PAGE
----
Safe As Houses (column)

Olly Newland’s Column, September 2010

Hopefully all of you were untouched by the recent events surrounding South Canterbury Finance – let alone all the other finance houses that have collapsed over the last few years.

These events are a nightmare, even to witness. As details painfully slowly emerge it quite takes your breath away to learn of the shonky lending and the unbelievable decisions made by these supposed leaders of finance.

Despite the unending use of high-powered computers, and access to top accountants, economists, lawyers coupled with bottomless pockets, they still got it wrong.

I have had to deal with many clients who have been caught by the fall-out of some type or other, either directly or indirectly, and upon hard examination we almost always find that something that can be done to lessen or sometimes completely solve any unintended consequences.

Dealing with a problem directly and not burying your head in the sand, will almost always find the solution. Life has taught me that the thinking is almost always worse than the doing.

Taking control of your future

Now is the time to take responsibility for your own financial future and stop relying on others taking your hard earned money and making crazy decisions with it.

The last five decades full time in the property business has proved to me one thing for sure: Investing in land and buildings are, in the long term, the only sure way to go.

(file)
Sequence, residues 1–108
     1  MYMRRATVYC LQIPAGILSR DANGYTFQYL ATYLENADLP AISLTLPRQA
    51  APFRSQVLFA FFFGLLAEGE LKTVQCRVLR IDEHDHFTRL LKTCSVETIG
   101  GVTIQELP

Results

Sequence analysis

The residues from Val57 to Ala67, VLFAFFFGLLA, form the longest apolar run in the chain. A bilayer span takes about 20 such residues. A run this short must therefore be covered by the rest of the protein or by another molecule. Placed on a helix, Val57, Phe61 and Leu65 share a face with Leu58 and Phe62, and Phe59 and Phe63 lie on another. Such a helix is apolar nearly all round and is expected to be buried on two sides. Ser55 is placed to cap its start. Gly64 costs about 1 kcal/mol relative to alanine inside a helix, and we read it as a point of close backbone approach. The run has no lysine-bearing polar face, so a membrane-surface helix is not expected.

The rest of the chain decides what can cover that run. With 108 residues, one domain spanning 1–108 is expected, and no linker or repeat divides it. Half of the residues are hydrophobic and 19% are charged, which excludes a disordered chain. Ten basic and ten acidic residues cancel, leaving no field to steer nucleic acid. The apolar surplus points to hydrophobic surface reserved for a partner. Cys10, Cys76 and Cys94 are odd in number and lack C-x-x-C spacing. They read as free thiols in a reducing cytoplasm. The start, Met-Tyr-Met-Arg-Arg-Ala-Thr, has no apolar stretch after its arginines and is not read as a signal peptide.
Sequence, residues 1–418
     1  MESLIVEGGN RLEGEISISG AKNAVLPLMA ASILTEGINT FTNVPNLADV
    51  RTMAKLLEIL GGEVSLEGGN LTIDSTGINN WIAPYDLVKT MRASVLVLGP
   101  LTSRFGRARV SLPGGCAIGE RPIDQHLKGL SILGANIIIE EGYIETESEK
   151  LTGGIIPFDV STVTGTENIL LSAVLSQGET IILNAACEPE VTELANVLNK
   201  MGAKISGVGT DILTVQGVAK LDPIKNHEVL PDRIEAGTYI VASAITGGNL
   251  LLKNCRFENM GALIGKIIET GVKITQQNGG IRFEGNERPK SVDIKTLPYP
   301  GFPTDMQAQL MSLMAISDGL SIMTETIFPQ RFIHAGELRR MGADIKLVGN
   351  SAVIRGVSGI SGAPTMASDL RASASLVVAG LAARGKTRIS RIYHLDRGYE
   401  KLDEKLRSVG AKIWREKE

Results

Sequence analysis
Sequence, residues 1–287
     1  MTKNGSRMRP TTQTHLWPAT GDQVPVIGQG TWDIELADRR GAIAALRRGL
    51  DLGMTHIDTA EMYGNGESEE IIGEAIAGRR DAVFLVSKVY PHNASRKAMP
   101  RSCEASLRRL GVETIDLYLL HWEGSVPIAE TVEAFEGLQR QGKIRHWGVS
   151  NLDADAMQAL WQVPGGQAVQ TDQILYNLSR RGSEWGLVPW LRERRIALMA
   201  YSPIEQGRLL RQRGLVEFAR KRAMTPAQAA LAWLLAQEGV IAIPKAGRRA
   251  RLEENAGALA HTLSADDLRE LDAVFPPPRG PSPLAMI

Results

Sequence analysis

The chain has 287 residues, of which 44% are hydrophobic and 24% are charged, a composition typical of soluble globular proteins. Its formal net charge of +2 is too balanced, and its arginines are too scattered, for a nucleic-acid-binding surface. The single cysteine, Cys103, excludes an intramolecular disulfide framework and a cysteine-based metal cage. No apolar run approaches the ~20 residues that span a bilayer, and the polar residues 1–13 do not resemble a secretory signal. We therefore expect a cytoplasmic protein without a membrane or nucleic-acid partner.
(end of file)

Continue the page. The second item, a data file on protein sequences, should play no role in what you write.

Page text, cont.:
I take comfort from the fact that what worried me five years ago doesn’t worry me now — so in five years I won’t be worrying about what is happening today.

You too can take this attitude and derive some comfort from the thought — but action is still required. The alternative is to remain sitting — staring at the wall — doing nothing and letting events roll over you.

 

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Posted in News & Articles | Tagged | 2 Replies

2 thoughts on “Safe As Houses (column)

  1. Hi Olly. Just reading your latest column about your friend who was wanting to build. We have rental property worth over 1.7m and our own home 500k. That’s equity. We wanted to borrow to build another house for our selves. We have 300k cash invested and wanted 300k. ANZ said we will give you 100k.They can stick it. Like your friend we are taking it easy.
    Clive

  2. Hi Olly,
    I found it hard to believe that the landlord sold his $1.75m worth building
    for $1m just because the fear of it being empty. He should know the market and the value of his building, or shouldn’t he? Is he a fool?

    And you didn’t explain the gap between the average household income and the still high house prices which I believe is the foundation for the property market. So I am not convinced that the next boom will be coming soon—-surely one day but not in the near future I believe.

    Regards

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